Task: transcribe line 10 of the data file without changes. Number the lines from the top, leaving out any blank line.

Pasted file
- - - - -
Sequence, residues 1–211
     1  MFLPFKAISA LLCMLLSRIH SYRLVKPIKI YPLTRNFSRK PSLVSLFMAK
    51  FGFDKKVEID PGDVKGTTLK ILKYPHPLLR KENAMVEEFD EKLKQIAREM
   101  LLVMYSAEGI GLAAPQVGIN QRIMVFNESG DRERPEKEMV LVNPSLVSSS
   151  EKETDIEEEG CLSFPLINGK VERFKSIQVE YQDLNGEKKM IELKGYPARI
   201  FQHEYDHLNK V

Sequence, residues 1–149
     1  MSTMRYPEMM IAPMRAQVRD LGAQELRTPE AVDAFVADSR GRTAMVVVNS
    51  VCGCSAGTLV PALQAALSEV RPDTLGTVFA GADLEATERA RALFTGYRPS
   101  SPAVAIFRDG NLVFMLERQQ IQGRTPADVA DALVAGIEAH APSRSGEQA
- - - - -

   101  SPAVAIFRDG NLVFMLERQQ IQGRTPADVA DALVAGIEAH APSRSGEQA